State Educator Follows Dr. Jarman Dr. Dabney S. Lancaster, Virginia Superintendent of Public Instruction, resigned from that position yesterday. April 2, to become president of State Tciichci College, succeeding Dr. J. L. Jarman. The announcement was made by Blake T. Newton, chairman of the State Board of Education. Dr. Lancaster will leave the State department sometime before July 1, the date when Dr. Jarman, for 44 years president of I the college, retires. Considered one of the top eduDR. DABNEY S. LANCASTER cators in the state, Dr. Lancaster 'succeeded Dr. Sidney B. Hall as state superintendent in 1041. Since that time he has been a leader in the movement to increase teacher pay and has placed great emphasis on vocational education and supervision of instruction in VirMiss Grace Mix, a member of ginia. the faculty and administration of A native Richmonder, Dr. Lanthis college for 22 years, will be caster came to the position that guest speaker at the banquet giv- he held before his resignation en by Alpha Kappa Gamma, Sat- yesterday from Sweet Briar Colurday night April 13. She received lege, where he was executive secher B. A. and M. A. degrees from retary of the board of trustees. the Teachers College of Columbia Prior to that Dr. Lancaster was University. There she was a mem- dean of men at the University of ber of the faculty for two years. Alabama from 1929 to 1937, and She is a life member of National when he resigned, 3000 students Association of Childhood Educa- signed a petition asking tnat lie tion. Miss Mix was an initiated remain at the university. member of Alpha Kappa Gamma, Dr. Lancaster received his AB then adviser, and now six- is an degree from the University of Virhonorary member. The National ginia in 1911. After graduation Convention of Alpha Kappa Gam- from the University, he was an ma will be held on this campus associate master at St. ChristophApril 12, 13, and 14. This is the ers School in Richmond and did first of such meetings since the graduate work at VPI, receiving war. his MS degree in 1915. Delegates will be here from the From 1914 to 1923 the new colUniversisty of South Carolina, i lege president taught agricultural Columbia S. C; Queens College. education at VPI, and then began Charlotte. N. C; and Columbia a six year association with the College, Columbia, S. C. The nat- State Board of Education. For two ional officers wil be here also. years he was supervisor of agriAlpha Kappa Gamma, honor- cultural education and from 1925 ary society for leadership, was or- to 1929 was secretary of the State ganized in 1928. It represents the Board of Education, a position merging of local fraternities which which at that time was comparhad been founded in order to able to the assistant superintendbring together groups of represen- ency. tative students and faculty memDr. Edgar G. Gammon, chairbers. The purpose of this organi- man of the state board's commitzation is to foster high ideals and tee named to find a successor to standards of leadership. Dr. Jarman, and president of The officers of Alpha Kappa Hampden-Sydney College said, Gamma are president Ann Mar- We are delighted that Dr. Lantin; vice-president, Shirley Ci us- caster decided to accept the I-'ann er; secretary, Virginia Treakle; ville post. We feel we have made treasurer, Eleanor Bisese. an exceedingly wise choice and that he will be an excellent, dent at the college." Mr. Newton in making the announcement yesterday stuted that | Dr. Lancaster was leaving with the regret of the entire Stale Board of Education. He added, "We congratulate the fine college Ann Ford. freshman from at Farmville for acquisition ot Lynchburg, and Jane Fox, IrishContinued an Page 4 man from Alexandria, were elected us representatives to Student Government for the in oming ophomore class. Fleeted to SUOdWdl were Evelyn Patterson Win ton Evelyn Orizzard, president of Salem. N. C, and Violet Ritchie. the Pan-Hellenic Association, has Richmond. announced that the Vagabonds Other officers of il„ from Lynchburg will play for thi president. Cornelia Hamilton; vice- annual dance May 18. Each sorpresident. Jean Cake; secretary, ority will have one special no Marj./rie Miller and tie.isuicr. Lee break dance. The advi en tA MOtl Staples. of the sororities will be chaperLast night at prayers, new offiothers will be announced laUd repre.. ntttives of Stu- ter. dent Government were installed. Betty Adams and Virginia The new officers are president, Shackelford will serve as generMargaret Lohr; vUx pn ident. al chairmen of the dance, while Betty Minetree; secretary, Jeane Eveyn Grlzzard will head the muBentley; treasurer, Alice Ann sic committee and Dorothy Ovtl Abernathy, and campus league .tint the floor committee Headchairman, Jacqueline Bobbltt ing the Invitation committee is Class representatives are Margaret Betty Brothers; the publicity comSkelton, Lucille Upslmr, Virginia mittee, Lucy Bowling; Carolyn Tindall, Rebecca Winn, Ann Ford Bobbitt and Kitty Maddox are head of decorations. and Jane Fox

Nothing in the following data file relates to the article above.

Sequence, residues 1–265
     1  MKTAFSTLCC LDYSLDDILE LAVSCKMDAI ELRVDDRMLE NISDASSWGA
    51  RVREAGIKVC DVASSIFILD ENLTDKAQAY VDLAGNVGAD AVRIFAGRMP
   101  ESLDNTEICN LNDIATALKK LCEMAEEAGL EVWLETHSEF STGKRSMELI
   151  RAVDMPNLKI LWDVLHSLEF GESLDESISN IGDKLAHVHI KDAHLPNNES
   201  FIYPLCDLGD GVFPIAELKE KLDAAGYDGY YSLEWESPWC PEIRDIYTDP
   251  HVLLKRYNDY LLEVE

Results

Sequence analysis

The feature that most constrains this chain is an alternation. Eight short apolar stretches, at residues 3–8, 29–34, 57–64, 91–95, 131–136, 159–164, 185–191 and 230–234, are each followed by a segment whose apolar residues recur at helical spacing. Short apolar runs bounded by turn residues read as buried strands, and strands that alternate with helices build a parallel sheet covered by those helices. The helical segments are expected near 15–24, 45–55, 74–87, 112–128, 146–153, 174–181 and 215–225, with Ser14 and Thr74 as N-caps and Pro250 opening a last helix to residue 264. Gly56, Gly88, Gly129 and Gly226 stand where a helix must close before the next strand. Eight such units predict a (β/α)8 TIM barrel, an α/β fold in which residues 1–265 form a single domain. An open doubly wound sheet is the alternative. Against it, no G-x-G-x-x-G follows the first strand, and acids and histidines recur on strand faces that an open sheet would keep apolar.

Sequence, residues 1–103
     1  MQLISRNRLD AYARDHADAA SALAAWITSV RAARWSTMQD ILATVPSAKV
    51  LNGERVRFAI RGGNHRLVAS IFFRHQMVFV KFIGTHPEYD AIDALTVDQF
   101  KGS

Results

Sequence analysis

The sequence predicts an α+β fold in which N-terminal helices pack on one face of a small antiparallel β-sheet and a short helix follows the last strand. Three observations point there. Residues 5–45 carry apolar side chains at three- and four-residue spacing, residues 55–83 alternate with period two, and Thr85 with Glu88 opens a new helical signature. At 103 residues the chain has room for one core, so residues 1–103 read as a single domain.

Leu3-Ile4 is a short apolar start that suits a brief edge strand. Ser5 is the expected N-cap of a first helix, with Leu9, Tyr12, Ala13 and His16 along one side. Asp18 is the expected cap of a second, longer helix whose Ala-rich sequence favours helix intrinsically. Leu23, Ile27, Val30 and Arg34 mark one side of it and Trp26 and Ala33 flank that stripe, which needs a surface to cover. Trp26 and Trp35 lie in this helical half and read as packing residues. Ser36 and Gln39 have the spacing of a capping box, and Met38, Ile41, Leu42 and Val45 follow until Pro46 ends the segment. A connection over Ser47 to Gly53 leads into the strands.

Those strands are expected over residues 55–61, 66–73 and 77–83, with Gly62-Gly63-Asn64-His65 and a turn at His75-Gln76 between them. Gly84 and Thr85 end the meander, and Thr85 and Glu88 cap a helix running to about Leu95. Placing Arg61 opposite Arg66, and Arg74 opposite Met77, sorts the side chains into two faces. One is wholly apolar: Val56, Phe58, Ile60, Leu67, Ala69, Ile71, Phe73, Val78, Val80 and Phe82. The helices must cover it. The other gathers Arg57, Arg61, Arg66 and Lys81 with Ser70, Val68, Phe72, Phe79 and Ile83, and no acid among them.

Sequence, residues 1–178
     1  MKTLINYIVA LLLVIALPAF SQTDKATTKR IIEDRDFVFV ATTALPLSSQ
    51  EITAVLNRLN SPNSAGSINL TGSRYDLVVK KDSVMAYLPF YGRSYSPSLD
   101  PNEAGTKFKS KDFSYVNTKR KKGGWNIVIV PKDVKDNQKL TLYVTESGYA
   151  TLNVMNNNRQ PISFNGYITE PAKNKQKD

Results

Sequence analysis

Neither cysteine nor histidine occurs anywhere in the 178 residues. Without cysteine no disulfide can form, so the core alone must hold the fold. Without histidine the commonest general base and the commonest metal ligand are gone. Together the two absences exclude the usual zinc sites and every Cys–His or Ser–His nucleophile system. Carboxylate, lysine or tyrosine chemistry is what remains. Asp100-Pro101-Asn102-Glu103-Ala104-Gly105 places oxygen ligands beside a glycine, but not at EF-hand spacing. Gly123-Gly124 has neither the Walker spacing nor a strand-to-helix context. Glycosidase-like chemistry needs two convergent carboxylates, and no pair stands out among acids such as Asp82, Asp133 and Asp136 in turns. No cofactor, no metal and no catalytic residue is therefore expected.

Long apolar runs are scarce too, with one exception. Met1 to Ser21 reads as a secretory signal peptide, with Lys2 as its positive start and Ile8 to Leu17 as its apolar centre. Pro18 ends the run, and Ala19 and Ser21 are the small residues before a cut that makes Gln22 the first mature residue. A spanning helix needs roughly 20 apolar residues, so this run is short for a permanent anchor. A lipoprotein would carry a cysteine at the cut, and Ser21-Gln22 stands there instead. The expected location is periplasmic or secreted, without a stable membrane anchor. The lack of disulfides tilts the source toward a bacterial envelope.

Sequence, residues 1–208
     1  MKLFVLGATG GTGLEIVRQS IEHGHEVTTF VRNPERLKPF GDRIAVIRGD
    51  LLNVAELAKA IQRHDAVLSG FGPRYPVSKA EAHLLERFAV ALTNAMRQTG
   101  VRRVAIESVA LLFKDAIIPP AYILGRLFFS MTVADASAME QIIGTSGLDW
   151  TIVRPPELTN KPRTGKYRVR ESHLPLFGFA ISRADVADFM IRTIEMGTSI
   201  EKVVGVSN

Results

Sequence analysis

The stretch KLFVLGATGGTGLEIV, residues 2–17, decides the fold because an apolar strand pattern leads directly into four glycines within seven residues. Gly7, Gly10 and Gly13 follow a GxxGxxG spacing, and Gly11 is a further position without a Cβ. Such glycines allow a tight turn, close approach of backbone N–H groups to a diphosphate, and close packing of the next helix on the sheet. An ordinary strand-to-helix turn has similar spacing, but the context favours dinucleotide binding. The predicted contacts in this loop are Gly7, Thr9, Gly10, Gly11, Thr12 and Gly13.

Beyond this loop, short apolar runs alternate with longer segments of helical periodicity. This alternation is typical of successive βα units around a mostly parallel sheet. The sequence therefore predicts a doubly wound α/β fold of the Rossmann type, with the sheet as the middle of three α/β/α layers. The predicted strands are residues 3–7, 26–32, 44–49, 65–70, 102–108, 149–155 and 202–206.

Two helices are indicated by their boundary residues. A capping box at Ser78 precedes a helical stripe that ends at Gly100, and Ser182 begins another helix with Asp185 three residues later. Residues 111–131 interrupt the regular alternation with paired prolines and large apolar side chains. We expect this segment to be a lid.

Miss Mix to Speak At AKG Banquet